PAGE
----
- Throne of Glass by Sarah J. Maas–After a year of hard labor, assassin Celaena Sardothien has a chance to reclaim her freedom. All she has to do is win a competition against other cutthroats and killers to become the champion of the king who first arrested her.
- A Confusion of Princes by Garth Nix–Khemri is a Prince–faster, stronger, smarter. But is he fast, strong and smart enough to survive against the thousands of other Princes all intent on becoming Emperor of the galaxy? (eBook and eAudio)
- The Selection by Kiera Cass–America Singer is one of the Selected, a lucky girl with a chance to compete for the prince’s affections in this cross between The Hunger Games and The Bachelor.
- The Scorpio Races by Maggie Stiefvater: Sean is a boy with everything to lose in this year’s Scorpio Race while Puck is a girl with everything to gain. But in a deadly race with lethal water horses there can only be one winner.
- Bonus: Princess Academy by Shannon Hale–One of the girls from Miri’s village is going to become a princess. But before that can happen all of the girls will need to learn what being a princess really takes.
If you’re in it for the dystopian or post-apocalyptic vibe:
- Rot & Ruin by Jonathan Maberry–A zombie apocalypse with a wild west sensibility and some very gruesome trading cards.
- Shatter Me by Tahereh Mafi–A dystopian that’s part X-Men, part jailbreak, all action.
- The Eleventh Plague by Jeff Hirsch–Two-thirds of the population are dead from a vicious influenza strain. People called it the eleventh plague. (Shelved in Adult. eAdio also).
- This is Not a Test by Courtney Summers–Zombies are here and, frankly, Sloane is ready to let them eat her. Unfortunately the students trapped with her in the local high school want to live. (eAudio only)
- Bonus: For Darkness Shows the Stars by Diana Peterfreund–Post-apocalyptic retelling of Persuasion. You know you want to.
If you want epic world building:
- Incarceron by Catherine Fisher–Finn knows he belongs Outside Incarceron. But in a prison so vast that nothing ever enters or leaves, how can one inmate ever find his way out?
- Tiger Lily by Jodi Lynn Anderson–Long before Wendy came to Neverland, a fairy and a girl with feathers in her hair had their own stories to tell. (eBook only)
- The Amulet of Samarkand by Jonathan Stroud–In a world where London is ruled by magicians with demons doing their bidding, a djinni and a young magician strike an uneasy detente to see if both of them can survive the machinations they have set in motion.
- The Blue Girl by Charles de Lint–Imogen would never want to be normal. Even if that means she has to deal with a lonely ghost, dangerous angels, and an imaginary friend who just might be real.
- Bonus: Dreamhunter by Elizabeth Knox–An alternate history/fantasy set in 1906 New Zealand where dreams are tangible things that can be scavenged and put on view and nightmares are very, very dangerous thing.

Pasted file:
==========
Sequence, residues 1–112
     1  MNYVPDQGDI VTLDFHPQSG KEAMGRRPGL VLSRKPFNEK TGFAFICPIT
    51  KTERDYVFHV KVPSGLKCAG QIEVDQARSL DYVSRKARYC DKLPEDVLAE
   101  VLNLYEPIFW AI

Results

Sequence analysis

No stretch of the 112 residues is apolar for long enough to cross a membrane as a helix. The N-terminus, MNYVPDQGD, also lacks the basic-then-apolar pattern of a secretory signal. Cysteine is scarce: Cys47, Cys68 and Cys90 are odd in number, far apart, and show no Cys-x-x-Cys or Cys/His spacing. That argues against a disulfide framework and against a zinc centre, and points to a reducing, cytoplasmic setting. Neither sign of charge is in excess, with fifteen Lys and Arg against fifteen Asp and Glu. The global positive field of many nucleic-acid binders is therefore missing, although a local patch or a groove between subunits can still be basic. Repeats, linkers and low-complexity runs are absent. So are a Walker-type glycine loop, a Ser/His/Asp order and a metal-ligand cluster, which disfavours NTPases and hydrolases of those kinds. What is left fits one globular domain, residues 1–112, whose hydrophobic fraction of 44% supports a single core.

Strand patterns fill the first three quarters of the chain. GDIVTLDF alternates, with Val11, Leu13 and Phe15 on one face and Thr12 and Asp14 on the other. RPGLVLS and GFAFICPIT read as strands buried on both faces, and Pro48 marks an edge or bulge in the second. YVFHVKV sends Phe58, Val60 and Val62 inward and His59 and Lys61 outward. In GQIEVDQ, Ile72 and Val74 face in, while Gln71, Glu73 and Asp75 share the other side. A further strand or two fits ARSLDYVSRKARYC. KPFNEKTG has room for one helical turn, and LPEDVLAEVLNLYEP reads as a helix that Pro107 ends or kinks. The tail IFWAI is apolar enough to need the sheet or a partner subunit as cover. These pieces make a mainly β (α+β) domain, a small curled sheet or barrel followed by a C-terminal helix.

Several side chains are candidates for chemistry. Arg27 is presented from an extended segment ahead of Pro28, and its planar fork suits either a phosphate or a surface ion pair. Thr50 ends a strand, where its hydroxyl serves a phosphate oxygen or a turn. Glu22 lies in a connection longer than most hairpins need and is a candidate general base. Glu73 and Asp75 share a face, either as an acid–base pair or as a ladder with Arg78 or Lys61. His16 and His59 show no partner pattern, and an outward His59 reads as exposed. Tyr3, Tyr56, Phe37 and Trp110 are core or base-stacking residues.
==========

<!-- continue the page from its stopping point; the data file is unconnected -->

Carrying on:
If you want an impossible romantic relationship:
- Cinder by Marissa Meyer–A sci-fi retelling of Cinderella with aliens, cyborgs, plagues and a whole lot of trouble.
- Dearly, Departed by Lia Habel–Steampunk zombie romance with a post-apocalyptic setting and the ultimate star-crossed pair. (eBook and eAudio only)
- City of Bones by Cassandra Clare–Clary can see parts of a hidden world. But when she starts looking into that world, it looks back.
- Beautiful Creatures by Kami Garcia and Margaret Stohl–There was a curse. There was a girl. And in the end, there was a grave.
- Team Human by Justine Larbalestier and Sarah Rees Brennan–Friends don’t let friends date vampires. Too bad Mel’s best friend just fell in love with one.
This post was written by Emma Carbone for her blog. An updated version can be found on her blog, Miss Print.
By Erin Holt, Teen Librarian
There’ve been so many times that our Teen staff have been asked for “safe” romance novels for their teens, starting at the age of 12. So we decided to create this awesome list of safe teen romance titles. Check it out!
The Summer I Turned Pretty, It’s Not Summer Without You, We’ll Always Have Summer by Jenny Han – Follow Belly on her journey over several summers, including a best friend, two love interests, and a love triangle
The Statistical Probability of Love at First Sight by Jennifer E. Smith – When four minutes changed everything in 24 hours.
The Lonely Hearts Club by Elizabeth Eulberg – What happens when Penny decides to give up boys and dating…
All These Things I’ve Done by Gabrielle Zevin – NYC in the year 2083, chocolate and coffee are illegal and teen Anya’s mafia family is accused of poisoning chocolate that they have been distributing
Twenty Boy Summer by Sarah Ockler – BFFs Frankie and Anna spend a 20 day vacation together, making a bet that they can meet one boy per day.
Dash and Lily’s Book of Dares by Rachel Cohn – A sweet fun read involving books, New York City, and teen love interests.
Eleanor & Park by Rainbow Rowell – A beautiful love story, taking place in 1986, between 2 misfit teenagers.
What Happened to Goodbye by Sarah Dessen – A story about a girl…and the cute guy next door…
Just One Day by Gayle Forman – The lives of Allyson and Willem is transformed in just 24 hours
*See the Teen Library staff for a complete list of titles*